Second, inundation predictions from models are translated into map layers. Overlaying the vulnerability mapping outputs with the ecological and recreational asset data highlights assets most vulnerable to storm inundation and sea level rise. Different inundation scenarios can be mapped directly for each asset. The depth and duration of inundation at different locations in a study area can be estimated from these maps.

The Value of GIS and Ecological Risk Assessment Framework for Analyzing Climate Vulnerability of Ecological Assets 1

GIS provides a visual summary of the spatial distribution of assets, inundation probability, and the vulnerability risk index for each asset (Figure 1) and can be used to calculate spatial statistics to summarize impacts in greater detail. GIS can also be used to evaluate adaptation scenarios. The next step is determining the consequence of inundation.

Ecological Risk Assessment Framework

The ERA Framework was originally developed to evaluate the influence of chemicals in the environment, focusing on potential exposures and effects to plants and animals (and ecosystems). Importantly, the ERA Framework can also add value and structure to climate vulnerability assessments (Figure 2)—in this case, vulnerability and risk are interchangeable. The problem formulation step is used to gather data, ask the key risk questions, and structure how the questions will be answered. In the case of climate vulnerability, questions include:

  • What is the probability that an ecological resource will be inundated in 2070?

  • What is the depth of the water (and duration of inundation) in 2070 for a given resource?

  • What is the potential influence of inundation (e.g., loss of use for inundation period, total loss of asset, or injury)?

  • Does the loss matter? What is the value of the asset?

The problem formulation under a climate vulnerability assessment includes activities such as cataloging the uses of an asset. For example, a beach might provide nesting habitat for 10 piping plover pairs. In comparison, another beach might not provide habitat for the plover, but does provide a barrier between the ocean and a brackish wetland. The uses of an ecological asset are then evaluated in terms of the value of the asset, including, recreational, ecological, and economic values. The problem formulation also includes a history of change and regulatory requirements for each asset, if applicable.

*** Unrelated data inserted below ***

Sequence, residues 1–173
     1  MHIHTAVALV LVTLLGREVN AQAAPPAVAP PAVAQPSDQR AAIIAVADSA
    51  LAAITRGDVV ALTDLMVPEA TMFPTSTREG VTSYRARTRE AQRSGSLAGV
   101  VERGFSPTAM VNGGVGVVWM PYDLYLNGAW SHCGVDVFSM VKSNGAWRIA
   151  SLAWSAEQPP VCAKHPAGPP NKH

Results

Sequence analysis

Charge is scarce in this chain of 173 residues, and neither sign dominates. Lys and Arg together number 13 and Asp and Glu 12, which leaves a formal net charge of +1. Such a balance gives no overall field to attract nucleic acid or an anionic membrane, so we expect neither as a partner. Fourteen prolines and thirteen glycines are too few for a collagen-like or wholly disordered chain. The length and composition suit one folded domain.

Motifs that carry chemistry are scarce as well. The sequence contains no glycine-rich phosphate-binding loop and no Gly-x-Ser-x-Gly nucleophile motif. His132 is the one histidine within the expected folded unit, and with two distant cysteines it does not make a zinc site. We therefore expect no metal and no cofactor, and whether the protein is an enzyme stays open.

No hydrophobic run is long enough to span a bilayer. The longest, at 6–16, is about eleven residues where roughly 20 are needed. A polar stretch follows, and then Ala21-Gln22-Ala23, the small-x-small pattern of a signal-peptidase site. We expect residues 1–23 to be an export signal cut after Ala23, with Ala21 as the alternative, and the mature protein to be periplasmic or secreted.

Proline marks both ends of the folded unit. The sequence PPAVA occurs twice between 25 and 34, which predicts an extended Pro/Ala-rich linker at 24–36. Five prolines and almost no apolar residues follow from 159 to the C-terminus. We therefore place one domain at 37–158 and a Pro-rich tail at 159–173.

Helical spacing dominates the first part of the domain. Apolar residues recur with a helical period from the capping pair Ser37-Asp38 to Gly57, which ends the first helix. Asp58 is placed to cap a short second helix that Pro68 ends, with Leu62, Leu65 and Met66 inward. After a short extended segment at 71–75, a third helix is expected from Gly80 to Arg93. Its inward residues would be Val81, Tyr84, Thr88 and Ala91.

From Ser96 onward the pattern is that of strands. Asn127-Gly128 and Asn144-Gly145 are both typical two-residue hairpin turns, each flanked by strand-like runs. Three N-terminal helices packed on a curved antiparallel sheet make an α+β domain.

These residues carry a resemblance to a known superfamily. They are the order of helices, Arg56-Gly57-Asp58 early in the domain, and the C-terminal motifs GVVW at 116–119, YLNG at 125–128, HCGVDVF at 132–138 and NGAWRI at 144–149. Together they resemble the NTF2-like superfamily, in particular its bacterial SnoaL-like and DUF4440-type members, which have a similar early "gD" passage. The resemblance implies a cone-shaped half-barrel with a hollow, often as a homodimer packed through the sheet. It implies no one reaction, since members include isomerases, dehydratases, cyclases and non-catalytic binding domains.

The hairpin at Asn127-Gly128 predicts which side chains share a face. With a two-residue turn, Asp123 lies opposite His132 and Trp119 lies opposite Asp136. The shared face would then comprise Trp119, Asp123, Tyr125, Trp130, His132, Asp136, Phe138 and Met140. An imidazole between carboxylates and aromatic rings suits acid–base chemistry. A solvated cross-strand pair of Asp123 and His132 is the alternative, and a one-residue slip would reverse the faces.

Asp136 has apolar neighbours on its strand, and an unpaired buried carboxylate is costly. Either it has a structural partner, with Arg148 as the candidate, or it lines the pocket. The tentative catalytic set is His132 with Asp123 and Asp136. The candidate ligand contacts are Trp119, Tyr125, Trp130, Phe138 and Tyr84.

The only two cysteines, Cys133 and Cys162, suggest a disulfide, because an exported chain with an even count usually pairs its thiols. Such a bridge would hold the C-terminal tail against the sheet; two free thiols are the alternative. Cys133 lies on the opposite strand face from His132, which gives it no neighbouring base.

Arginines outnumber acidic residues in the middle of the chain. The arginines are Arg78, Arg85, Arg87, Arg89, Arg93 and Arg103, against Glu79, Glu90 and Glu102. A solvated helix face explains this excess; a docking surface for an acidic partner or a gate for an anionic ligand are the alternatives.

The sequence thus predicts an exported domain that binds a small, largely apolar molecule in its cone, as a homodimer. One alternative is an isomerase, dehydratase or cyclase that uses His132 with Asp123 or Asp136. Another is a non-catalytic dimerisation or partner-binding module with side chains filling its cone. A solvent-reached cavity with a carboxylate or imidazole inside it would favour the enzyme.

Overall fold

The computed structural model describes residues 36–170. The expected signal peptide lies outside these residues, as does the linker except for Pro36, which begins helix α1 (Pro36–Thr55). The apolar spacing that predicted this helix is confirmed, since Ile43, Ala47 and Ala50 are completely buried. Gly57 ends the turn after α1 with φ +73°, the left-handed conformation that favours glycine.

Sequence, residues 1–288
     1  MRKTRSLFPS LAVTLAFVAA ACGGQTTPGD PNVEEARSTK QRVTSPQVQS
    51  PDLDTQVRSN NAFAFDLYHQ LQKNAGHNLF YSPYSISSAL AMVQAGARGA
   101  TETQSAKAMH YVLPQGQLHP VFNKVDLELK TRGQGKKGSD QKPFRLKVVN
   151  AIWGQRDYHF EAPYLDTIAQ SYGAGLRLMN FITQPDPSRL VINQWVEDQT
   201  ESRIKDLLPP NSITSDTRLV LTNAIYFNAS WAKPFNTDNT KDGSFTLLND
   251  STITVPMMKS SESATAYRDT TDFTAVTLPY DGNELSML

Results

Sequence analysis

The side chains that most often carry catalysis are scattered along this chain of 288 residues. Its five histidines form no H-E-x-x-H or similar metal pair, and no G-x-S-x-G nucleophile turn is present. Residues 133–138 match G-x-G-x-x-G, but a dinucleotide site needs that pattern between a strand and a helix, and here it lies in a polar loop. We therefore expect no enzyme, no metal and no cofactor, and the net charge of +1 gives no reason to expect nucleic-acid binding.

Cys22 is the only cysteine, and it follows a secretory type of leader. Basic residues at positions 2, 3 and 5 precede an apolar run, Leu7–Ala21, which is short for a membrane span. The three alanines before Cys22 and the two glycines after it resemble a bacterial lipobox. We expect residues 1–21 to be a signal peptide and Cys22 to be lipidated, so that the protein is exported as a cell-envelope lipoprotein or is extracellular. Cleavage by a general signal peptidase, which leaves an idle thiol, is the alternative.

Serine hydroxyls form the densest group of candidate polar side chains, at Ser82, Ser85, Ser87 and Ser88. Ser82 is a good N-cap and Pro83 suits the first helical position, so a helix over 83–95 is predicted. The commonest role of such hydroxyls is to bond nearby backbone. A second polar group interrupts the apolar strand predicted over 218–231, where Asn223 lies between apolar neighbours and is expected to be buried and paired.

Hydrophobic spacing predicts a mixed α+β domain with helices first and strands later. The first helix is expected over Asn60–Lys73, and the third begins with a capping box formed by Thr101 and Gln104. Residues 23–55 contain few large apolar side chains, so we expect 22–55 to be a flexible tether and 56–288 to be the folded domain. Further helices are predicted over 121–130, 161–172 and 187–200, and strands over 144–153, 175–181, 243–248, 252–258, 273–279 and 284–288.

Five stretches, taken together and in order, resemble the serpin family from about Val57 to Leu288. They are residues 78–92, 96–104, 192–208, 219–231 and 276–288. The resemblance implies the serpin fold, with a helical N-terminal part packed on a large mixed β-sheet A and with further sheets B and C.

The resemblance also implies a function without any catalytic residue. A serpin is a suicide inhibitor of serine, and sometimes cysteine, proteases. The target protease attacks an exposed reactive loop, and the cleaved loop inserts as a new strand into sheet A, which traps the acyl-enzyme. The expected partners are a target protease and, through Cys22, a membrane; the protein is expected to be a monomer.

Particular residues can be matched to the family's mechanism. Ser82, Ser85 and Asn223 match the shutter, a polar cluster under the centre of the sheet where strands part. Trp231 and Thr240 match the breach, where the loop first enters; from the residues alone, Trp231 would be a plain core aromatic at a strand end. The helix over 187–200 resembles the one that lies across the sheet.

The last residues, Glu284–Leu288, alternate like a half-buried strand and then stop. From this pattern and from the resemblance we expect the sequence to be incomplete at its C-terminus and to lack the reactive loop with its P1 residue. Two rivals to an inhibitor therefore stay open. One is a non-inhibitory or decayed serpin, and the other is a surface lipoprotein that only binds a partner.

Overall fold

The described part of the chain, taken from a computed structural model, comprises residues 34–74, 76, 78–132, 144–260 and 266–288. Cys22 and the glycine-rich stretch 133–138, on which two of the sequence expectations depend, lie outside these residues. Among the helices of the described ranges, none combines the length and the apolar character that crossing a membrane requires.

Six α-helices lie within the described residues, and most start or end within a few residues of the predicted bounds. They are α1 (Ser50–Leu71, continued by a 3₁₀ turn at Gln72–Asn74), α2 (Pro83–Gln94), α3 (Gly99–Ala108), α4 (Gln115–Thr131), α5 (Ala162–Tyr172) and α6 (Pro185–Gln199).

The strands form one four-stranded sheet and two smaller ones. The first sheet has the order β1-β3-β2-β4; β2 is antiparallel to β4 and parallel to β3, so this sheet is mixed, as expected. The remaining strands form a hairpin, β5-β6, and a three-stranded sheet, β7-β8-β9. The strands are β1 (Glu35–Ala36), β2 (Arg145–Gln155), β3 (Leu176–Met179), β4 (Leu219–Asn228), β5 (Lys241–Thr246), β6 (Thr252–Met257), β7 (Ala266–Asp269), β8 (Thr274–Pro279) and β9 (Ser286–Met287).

Figure 2. The Ecological Risk Assessment Framework (Adapted from EPA, 1998).

Figure 2. The Ecological Risk Assessment Framework (Adapted from EPA, 1998).

Once the background data are collected and the vulnerability/risk questions framed, the next step in the process is determining the probability of exposure, in this case inundation. The probability of inundation in 2070 might be 0.5% for one asset, while another asset might have a probability of inundation of 50%. The depths and duration might vary as well.

With an understanding of the probability of inundation from the exposure assessment, the analyst moves to an effects assessment. In this step, the analyst determines the consequence of the inundation. While infrastructure might have a critical elevation above which an asset is destroyed, assessing the consequence of inundation to ecological resources requires a more nuanced evaluation. The ERA Framework effects assessment relies on an assessment of lines of evidence. Lines of evidence are measures that reflect the health of an ecological asset; these lines might include an assessment of species-specific sensitivities (e.g., to seawater) within a habitat type, consideration of the population size and potential loss of wildlife, literature studies on non-chemical stressors, and direct observations by experts on the ecological resource. Some exposures may not lead to an impact, while others, however small, might destroy an asset.